'Nothing is ever taken away': 26 clinical leaders on the largest contributors to burnout

Burnout is not unique to healthcare. In fact, it officially earned recognition as a medical syndrome in May 2019 when the World Health Organization assigned it an ICD-11 code. Symptoms include emotional exhaustion, loss of meaning in work and feelings of ineffectiveness. 

While many industries and professionals have their own confrontations with burnout, the condition is especially troubling in the high-stakes field of healthcare. The risks and costs of burnout present themselves in many ways. 

Direct expenses tied to physician burnout cost the U.S. more than $4 billion annually, according to a study published in Annals of Internal Medicine. For healthcare organizations, burnout is linked to $7,600 in costs per employed physician per year. Of greater weight is the cost to patient safety and wellbeing: Researchers at Stanford University School of Medicine have found physician burnout is at least equally responsible for medical errors as unsafe workplace conditions.

In May, Allscripts Ross Teague, PhD, director of user experience and Christopher Caggiano, M.D., solution director, led a discussion during an executive roundtable at the Becker's Hospital Review 2nd Health IT + Clinical Leadership + Pharmacy 2019 in Chicago, where 26 hospital and health system executives discussed the largest drivers of burnout, the link between health IT and clinician wellbeing, and what organizations have done to support their clinicians and alleviate burnout.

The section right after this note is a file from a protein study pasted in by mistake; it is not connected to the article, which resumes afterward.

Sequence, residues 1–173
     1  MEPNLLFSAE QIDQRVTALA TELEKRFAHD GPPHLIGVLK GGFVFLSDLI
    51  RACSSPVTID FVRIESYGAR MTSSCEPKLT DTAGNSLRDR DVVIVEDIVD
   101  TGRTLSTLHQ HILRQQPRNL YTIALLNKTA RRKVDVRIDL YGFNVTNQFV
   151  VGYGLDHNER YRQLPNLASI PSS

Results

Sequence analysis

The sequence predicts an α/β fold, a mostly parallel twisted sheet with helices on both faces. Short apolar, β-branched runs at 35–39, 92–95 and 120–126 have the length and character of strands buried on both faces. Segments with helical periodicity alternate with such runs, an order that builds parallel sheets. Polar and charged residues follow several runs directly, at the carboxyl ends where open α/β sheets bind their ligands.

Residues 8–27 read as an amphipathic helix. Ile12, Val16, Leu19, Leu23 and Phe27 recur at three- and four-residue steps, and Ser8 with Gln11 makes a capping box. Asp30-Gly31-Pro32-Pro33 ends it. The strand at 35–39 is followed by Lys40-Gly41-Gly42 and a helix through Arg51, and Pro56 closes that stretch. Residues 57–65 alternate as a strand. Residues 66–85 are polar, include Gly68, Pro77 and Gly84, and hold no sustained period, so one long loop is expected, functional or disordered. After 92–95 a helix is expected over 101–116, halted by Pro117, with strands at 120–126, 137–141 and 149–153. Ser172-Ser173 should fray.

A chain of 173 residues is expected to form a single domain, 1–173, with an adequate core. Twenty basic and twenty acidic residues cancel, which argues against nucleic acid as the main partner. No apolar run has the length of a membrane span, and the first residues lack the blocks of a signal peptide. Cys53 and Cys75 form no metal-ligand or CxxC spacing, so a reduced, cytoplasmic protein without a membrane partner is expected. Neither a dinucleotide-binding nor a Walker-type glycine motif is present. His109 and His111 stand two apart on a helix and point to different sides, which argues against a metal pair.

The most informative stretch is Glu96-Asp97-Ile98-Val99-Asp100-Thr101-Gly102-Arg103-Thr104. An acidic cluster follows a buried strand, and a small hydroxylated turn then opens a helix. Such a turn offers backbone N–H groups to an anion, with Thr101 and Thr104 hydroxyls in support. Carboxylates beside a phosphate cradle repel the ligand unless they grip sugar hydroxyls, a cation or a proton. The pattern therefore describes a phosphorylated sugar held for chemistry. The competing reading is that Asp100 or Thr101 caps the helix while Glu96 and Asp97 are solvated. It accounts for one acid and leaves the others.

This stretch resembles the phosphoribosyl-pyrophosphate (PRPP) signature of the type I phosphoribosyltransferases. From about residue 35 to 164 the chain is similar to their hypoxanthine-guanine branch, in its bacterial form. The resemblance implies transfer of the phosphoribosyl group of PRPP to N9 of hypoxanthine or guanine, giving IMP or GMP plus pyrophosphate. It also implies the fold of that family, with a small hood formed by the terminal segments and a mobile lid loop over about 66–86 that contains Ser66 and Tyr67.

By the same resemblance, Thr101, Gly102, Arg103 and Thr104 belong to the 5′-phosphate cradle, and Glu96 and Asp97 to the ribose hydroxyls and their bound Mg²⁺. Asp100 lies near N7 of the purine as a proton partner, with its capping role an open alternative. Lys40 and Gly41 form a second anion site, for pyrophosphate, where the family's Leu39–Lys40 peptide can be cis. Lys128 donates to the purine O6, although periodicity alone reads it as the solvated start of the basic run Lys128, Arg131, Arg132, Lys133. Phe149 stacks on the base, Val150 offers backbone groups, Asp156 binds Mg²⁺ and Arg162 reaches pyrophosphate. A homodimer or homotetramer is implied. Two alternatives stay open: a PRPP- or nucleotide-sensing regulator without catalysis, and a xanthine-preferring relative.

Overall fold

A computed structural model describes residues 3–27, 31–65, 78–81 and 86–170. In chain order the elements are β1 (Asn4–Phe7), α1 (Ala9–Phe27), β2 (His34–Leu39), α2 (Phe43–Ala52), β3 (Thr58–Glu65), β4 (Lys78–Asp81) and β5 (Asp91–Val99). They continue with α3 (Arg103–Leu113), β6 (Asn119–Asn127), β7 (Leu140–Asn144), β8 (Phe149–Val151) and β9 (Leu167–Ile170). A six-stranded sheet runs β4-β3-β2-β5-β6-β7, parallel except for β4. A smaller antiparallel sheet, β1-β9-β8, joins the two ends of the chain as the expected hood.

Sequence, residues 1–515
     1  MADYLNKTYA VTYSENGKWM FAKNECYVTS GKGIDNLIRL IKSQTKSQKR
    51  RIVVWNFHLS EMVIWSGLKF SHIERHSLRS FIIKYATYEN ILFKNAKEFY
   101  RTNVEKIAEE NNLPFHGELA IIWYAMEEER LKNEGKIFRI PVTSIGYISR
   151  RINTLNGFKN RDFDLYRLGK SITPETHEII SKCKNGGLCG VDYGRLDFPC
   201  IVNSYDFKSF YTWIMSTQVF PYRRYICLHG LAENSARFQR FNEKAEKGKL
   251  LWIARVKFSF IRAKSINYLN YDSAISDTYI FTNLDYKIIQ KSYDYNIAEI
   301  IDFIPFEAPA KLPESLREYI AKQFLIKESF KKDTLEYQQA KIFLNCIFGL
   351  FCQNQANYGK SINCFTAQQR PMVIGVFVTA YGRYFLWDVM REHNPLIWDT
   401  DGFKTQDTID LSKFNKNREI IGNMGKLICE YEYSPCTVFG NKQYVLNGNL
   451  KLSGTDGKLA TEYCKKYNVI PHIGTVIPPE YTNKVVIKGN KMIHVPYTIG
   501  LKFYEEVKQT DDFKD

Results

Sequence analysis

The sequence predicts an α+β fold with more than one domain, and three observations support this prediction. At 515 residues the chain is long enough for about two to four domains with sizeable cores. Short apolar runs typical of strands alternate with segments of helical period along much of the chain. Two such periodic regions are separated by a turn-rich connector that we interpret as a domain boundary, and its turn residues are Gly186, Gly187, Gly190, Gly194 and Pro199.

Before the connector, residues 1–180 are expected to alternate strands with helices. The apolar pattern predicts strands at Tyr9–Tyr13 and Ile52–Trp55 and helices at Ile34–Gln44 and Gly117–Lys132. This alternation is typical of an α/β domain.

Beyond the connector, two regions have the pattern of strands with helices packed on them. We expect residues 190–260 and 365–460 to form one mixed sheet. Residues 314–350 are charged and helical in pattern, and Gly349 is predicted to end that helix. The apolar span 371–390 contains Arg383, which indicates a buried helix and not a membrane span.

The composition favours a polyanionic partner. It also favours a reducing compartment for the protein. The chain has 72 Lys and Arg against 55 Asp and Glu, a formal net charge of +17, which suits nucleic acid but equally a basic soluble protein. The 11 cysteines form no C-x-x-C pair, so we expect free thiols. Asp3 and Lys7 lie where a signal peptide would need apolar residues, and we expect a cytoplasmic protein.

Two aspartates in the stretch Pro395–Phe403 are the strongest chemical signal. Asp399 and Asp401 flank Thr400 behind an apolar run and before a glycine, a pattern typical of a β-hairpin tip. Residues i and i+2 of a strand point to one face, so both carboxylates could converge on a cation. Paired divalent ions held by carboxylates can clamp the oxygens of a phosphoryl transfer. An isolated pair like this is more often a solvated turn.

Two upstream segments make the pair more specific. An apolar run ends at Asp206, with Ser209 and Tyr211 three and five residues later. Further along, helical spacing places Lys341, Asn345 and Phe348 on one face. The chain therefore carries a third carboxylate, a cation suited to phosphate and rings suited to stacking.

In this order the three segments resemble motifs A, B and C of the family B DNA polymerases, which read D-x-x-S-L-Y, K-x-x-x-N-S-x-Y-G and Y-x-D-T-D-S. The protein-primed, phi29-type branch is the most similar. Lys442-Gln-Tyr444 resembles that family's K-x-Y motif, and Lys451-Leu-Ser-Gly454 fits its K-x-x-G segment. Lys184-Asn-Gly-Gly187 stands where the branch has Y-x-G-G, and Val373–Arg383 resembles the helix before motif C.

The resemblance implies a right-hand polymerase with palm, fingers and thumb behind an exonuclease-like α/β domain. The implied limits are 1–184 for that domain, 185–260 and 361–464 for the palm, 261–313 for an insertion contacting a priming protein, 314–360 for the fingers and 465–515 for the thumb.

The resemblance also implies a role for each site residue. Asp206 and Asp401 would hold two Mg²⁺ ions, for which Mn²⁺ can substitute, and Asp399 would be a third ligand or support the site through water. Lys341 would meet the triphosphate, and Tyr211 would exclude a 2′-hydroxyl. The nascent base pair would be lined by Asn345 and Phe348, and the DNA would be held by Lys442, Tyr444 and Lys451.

During the executive roundtable, Allscripts leveraged mobile polling to pose questions to executive participants and gain their insights in real time. Here are a few of the points raised during the roundtable, with summarized responses and excerpts of conversations that followed: 

1. Roundtable respondents said rules and regulations and clinicians' healthcare responsibilities are the largest drivers of physician burnout in their organizations.

Clinicians made note of the numerous regulatory boxes they have to check to care for patients, and how the complexity of these requirements intensifies as more are added at the federal, state, local and organizational levels. In one year alone, nearly 24,000 pages of federal regulations were published for hospitals and post-acute care providers, according to the American Hospital Association. 

Such vast output of rules means hospital staff must not only work to provide high-quality, high-value care to patients, but do so in a way that complies with existing regulatory requirements as they learn to understand and implement new or revised regulations.

"The rules are changing every day," said the vice president of nursing operations for a 606-bed health system in the Northeast. "The CMS appeals are different today than the ones we got yesterday. You capture it, then next month you have a different kind of appeal and what we did before is not good anymore. How do you keep up with that?" 

"Things get added on and nothing is ever taken away," said the CMO of a 247-bed hospital in the Northeast. "'It's just one more click.' Sure, it's just one data point, but it's one data point on another data point on another data point. Who is the one putting it in?"